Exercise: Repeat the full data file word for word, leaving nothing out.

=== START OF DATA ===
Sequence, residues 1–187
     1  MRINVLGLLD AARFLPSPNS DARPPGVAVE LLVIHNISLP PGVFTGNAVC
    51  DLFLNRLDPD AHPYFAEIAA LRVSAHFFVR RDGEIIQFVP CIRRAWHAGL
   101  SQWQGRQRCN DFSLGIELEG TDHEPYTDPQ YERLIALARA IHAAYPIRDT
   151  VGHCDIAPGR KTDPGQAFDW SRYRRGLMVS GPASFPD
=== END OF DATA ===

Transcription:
Sequence, residues 1–187
     1  MRINVLGLLD AARFLPSPNS DARPPGVAVE LLVIHNISLP PGVFTGNAVC
    51  DLFLNRLDPD AHPYFAEIAA LRVSAHFFVR RDGEIIQFVP CIRRAWHAGL
   101  SQWQGRQRCN DFSLGIELEG TDHEPYTDPQ YERLIALARA IHAAYPIRDT
   151  VGHCDIAPGR KTDPGQAFDW SRYRRGLMVS GPASFPD